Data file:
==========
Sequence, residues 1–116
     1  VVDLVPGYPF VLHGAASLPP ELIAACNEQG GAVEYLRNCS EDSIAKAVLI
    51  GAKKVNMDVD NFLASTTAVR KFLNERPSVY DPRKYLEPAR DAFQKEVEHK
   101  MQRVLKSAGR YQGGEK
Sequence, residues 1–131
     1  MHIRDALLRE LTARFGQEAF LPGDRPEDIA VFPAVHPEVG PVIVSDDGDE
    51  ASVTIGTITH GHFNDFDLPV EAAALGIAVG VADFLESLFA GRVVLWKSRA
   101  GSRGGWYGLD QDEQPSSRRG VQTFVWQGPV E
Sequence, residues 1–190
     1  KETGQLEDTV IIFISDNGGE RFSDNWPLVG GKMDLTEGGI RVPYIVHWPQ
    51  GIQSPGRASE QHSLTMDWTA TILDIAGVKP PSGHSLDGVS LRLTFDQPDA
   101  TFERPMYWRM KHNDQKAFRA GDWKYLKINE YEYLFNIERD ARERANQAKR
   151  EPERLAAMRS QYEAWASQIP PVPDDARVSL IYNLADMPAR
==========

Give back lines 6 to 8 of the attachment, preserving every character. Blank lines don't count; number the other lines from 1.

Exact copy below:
     1  MHIRDALLRE LTARFGQEAF LPGDRPEDIA VFPAVHPEVG PVIVSDDGDE
    51  ASVTIGTITH GHFNDFDLPV EAAALGIAVG VADFLESLFA GRVVLWKSRA
   101  GSRGGWYGLD QDEQPSSRRG VQTFVWQGPV E